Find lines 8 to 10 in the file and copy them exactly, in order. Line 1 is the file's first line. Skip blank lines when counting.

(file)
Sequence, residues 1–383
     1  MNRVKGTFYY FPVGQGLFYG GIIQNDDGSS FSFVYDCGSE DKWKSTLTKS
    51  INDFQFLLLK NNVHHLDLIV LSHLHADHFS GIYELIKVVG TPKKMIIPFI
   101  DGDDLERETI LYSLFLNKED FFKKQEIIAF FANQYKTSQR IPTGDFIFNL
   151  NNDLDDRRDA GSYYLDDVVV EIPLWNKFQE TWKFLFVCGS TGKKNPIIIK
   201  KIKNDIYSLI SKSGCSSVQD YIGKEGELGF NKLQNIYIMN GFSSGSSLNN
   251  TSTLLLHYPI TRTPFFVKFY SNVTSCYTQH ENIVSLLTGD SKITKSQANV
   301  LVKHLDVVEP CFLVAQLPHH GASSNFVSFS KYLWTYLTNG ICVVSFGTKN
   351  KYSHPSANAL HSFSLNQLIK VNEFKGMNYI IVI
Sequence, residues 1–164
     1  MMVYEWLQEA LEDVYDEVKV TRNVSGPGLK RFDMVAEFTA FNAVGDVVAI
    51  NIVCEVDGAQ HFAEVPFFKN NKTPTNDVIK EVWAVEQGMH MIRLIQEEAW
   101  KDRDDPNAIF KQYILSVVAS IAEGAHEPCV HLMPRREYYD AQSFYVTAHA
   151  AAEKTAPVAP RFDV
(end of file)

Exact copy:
   301  LVKHLDVVEP CFLVAQLPHH GASSNFVSFS KYLWTYLTNG ICVVSFGTKN
   351  KYSHPSANAL HSFSLNQLIK VNEFKGMNYI IVI
Sequence, residues 1–164